Activation of rhodopsin: new insights from structural and biochemical studies

Trends Biochem Sci. 2001 May;26(5):318-24. doi: 10.1016/s0968-0004(01)01799-6.


G-protein-coupled receptors (GPCRs) are involved in a vast variety of cellular signal transduction processes from visual, taste and odor perceptions to sensing the levels of many hormones and neurotransmitters. As a result of agonist-induced conformation changes, GPCRs become activated and catalyze nucleotide exchange within the G proteins, thus detecting and amplifying the signal. GPCRs share a common heptahelical transmembrane structure as well as many conserved key residues and regions. Rhodopsins are prototypical GPCRs that detect photons in retinal photoreceptor cells and trigger a phototransduction cascade that culminates in neuronal signaling. Biophysical and biochemical studies of rhodopsin activation, and the recent crystal structure determination of bovine rhodopsin, have provided new information that enables a more complete mechanism of vertebrate rhodopsin activation to be proposed. In many aspects, rhodopsin might provide a structural and functional template for other members of the GPCR family.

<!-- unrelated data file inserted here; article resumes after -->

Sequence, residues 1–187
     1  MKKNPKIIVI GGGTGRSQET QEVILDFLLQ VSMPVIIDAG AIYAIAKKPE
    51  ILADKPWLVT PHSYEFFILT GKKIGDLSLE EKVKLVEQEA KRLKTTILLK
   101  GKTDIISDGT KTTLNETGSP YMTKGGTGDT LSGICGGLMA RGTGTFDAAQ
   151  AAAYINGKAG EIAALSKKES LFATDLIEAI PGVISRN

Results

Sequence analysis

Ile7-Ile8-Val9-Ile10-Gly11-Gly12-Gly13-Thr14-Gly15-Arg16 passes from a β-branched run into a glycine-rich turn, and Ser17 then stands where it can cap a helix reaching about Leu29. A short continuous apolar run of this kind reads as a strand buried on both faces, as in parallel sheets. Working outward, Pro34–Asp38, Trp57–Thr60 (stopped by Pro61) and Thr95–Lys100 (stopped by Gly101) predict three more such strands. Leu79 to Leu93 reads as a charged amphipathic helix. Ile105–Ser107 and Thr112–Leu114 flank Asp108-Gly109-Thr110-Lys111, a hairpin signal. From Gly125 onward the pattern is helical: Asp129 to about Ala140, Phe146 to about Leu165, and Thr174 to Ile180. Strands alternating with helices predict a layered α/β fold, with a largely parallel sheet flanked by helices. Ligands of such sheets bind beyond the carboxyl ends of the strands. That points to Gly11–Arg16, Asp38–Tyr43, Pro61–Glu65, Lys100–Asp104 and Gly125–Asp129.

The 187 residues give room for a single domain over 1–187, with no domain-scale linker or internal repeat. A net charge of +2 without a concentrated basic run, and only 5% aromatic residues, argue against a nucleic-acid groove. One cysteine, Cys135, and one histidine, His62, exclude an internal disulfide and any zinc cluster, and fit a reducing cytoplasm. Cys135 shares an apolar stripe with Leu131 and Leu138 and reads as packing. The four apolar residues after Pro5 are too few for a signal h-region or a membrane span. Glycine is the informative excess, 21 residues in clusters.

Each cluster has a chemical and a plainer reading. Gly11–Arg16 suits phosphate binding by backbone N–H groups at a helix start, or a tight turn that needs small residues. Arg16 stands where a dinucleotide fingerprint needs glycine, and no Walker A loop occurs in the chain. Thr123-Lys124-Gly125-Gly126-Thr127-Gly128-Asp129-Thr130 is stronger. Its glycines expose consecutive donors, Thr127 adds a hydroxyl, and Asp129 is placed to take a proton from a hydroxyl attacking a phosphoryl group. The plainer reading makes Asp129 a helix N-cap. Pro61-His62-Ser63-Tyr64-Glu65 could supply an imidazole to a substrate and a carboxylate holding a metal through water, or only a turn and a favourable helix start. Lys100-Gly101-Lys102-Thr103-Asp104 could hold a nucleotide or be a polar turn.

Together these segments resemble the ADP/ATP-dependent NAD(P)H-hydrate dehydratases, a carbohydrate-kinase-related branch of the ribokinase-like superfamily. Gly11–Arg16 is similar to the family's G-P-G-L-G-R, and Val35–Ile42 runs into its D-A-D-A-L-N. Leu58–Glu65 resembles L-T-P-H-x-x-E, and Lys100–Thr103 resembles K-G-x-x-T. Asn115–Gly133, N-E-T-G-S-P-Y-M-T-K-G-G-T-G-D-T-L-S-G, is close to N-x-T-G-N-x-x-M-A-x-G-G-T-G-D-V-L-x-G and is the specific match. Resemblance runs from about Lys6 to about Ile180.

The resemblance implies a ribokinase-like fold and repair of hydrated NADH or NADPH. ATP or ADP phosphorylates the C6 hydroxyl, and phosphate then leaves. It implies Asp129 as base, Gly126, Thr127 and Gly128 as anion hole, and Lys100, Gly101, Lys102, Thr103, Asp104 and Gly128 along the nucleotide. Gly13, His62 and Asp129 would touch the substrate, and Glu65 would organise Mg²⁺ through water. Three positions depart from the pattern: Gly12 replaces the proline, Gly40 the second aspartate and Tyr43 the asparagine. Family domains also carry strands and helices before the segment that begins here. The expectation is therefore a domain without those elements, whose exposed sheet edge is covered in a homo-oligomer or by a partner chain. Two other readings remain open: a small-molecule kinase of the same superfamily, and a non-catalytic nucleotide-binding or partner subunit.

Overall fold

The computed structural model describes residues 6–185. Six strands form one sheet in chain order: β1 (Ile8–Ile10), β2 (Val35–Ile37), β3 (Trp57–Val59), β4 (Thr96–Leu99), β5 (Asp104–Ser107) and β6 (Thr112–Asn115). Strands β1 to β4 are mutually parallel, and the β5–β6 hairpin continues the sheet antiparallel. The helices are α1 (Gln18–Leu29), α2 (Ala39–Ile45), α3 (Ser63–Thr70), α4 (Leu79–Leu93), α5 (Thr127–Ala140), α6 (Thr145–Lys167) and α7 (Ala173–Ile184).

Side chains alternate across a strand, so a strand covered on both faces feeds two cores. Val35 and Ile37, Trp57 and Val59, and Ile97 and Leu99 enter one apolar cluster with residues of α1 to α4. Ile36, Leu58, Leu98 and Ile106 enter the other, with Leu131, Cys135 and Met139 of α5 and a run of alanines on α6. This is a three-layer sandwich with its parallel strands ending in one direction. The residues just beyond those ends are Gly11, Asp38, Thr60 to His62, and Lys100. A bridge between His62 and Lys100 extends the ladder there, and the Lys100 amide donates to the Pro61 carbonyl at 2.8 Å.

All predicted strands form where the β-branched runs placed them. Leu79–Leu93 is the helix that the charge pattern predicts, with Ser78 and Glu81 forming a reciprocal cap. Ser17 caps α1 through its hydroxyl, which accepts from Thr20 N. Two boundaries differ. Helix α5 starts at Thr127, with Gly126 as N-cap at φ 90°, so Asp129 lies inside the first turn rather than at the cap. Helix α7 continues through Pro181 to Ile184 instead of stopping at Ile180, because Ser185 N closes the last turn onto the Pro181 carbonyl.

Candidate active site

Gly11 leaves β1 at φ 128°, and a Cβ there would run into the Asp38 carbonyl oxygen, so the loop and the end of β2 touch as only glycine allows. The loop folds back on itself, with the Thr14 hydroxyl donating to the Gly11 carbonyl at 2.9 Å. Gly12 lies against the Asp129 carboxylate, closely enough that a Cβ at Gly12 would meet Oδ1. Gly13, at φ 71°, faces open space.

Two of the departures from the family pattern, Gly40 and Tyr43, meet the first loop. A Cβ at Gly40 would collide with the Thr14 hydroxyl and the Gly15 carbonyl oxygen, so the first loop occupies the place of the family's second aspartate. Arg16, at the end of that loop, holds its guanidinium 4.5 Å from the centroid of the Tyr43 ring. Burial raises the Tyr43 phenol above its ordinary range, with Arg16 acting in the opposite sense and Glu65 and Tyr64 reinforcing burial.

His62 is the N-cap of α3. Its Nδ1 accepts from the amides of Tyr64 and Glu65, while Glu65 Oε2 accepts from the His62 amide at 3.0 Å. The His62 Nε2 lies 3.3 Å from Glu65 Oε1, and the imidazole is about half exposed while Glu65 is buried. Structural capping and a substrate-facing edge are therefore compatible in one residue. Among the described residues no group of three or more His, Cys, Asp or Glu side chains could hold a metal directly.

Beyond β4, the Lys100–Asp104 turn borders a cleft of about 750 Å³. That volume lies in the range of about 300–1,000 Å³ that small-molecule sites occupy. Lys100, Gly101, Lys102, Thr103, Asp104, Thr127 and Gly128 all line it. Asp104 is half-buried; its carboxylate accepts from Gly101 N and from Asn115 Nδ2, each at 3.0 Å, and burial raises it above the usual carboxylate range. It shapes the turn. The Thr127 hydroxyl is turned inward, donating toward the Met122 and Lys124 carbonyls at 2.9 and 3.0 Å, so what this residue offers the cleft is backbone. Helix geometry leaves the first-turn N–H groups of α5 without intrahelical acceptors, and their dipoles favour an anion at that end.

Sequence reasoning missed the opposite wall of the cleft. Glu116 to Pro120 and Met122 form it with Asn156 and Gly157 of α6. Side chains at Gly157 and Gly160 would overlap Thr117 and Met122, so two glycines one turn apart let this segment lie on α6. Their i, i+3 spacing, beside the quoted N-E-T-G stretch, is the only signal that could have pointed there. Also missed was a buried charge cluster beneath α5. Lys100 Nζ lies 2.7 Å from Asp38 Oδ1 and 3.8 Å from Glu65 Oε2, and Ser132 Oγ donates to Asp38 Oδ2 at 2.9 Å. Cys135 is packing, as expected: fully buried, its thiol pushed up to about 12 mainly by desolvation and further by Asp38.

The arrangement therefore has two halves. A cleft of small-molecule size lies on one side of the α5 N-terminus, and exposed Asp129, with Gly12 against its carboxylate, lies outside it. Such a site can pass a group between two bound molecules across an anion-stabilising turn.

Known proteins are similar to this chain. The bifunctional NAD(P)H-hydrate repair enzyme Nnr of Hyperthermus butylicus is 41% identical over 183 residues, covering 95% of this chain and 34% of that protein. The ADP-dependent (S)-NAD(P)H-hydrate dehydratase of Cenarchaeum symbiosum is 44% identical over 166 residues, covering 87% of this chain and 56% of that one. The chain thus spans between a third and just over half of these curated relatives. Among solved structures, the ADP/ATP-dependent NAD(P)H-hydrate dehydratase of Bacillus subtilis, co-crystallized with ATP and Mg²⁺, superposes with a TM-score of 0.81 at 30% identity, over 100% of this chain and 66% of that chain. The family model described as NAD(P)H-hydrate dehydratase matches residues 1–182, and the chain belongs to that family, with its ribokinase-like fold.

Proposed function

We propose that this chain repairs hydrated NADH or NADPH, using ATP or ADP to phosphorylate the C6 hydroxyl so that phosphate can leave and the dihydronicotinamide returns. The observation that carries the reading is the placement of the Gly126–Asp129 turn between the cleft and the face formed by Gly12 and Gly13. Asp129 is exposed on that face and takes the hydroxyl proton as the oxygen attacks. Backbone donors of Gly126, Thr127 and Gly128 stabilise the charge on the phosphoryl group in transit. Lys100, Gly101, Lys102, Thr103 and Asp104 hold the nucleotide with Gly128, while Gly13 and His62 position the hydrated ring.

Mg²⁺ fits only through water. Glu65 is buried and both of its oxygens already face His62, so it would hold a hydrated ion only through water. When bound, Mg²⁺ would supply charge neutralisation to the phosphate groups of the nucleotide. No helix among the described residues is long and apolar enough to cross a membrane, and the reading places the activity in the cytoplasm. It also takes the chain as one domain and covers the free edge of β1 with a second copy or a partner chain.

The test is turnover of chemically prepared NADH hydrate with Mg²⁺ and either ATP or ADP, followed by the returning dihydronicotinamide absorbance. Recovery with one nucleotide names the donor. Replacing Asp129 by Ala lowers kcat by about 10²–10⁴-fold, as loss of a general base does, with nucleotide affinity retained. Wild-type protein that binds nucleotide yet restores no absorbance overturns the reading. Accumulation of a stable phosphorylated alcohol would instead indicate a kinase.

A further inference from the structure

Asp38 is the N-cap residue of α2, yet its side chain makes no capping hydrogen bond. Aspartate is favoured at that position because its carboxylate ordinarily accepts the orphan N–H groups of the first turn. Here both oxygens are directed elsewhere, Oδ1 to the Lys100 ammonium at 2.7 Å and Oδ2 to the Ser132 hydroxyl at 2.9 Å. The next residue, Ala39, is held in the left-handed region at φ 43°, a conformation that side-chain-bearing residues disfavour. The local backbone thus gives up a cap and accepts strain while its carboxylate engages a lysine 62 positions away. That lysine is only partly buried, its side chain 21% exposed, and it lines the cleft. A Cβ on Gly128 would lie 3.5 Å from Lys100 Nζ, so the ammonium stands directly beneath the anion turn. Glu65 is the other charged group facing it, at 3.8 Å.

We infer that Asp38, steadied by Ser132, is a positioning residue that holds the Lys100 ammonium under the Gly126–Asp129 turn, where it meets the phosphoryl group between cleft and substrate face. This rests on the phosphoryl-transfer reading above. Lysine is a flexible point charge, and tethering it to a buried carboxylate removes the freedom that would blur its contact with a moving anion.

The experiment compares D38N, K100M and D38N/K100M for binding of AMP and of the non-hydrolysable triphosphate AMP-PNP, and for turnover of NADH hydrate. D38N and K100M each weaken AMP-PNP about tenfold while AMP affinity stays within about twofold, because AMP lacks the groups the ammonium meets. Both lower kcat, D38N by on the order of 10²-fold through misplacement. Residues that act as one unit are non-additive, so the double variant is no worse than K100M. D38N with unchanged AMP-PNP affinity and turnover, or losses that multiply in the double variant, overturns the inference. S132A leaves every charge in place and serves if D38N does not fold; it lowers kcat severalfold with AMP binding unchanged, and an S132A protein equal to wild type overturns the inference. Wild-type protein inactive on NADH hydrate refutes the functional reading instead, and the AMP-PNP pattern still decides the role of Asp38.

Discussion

Publication types

  • Research Support, Non-U.S. Gov't
  • Research Support, U.S. Gov't, P.H.S.
  • Review

MeSH terms

  • Amino Acid Sequence
  • Animals
  • Cattle
  • Cytoplasm / metabolism
  • GTP-Binding Proteins / metabolism
  • Guanine Nucleotide Exchange Factors / metabolism
  • Humans
  • Models, Chemical
  • Models, Molecular
  • Molecular Sequence Data
  • Photons
  • Protein Conformation
  • Receptors, Cell Surface / chemistry
  • Receptors, Cell Surface / metabolism
  • Retinal Diseases / metabolism
  • Rhodopsin / chemistry*
  • Rhodopsin / metabolism*
  • Signal Transduction


  • Guanine Nucleotide Exchange Factors
  • Receptors, Cell Surface
  • Rhodopsin
  • GTP-Binding Proteins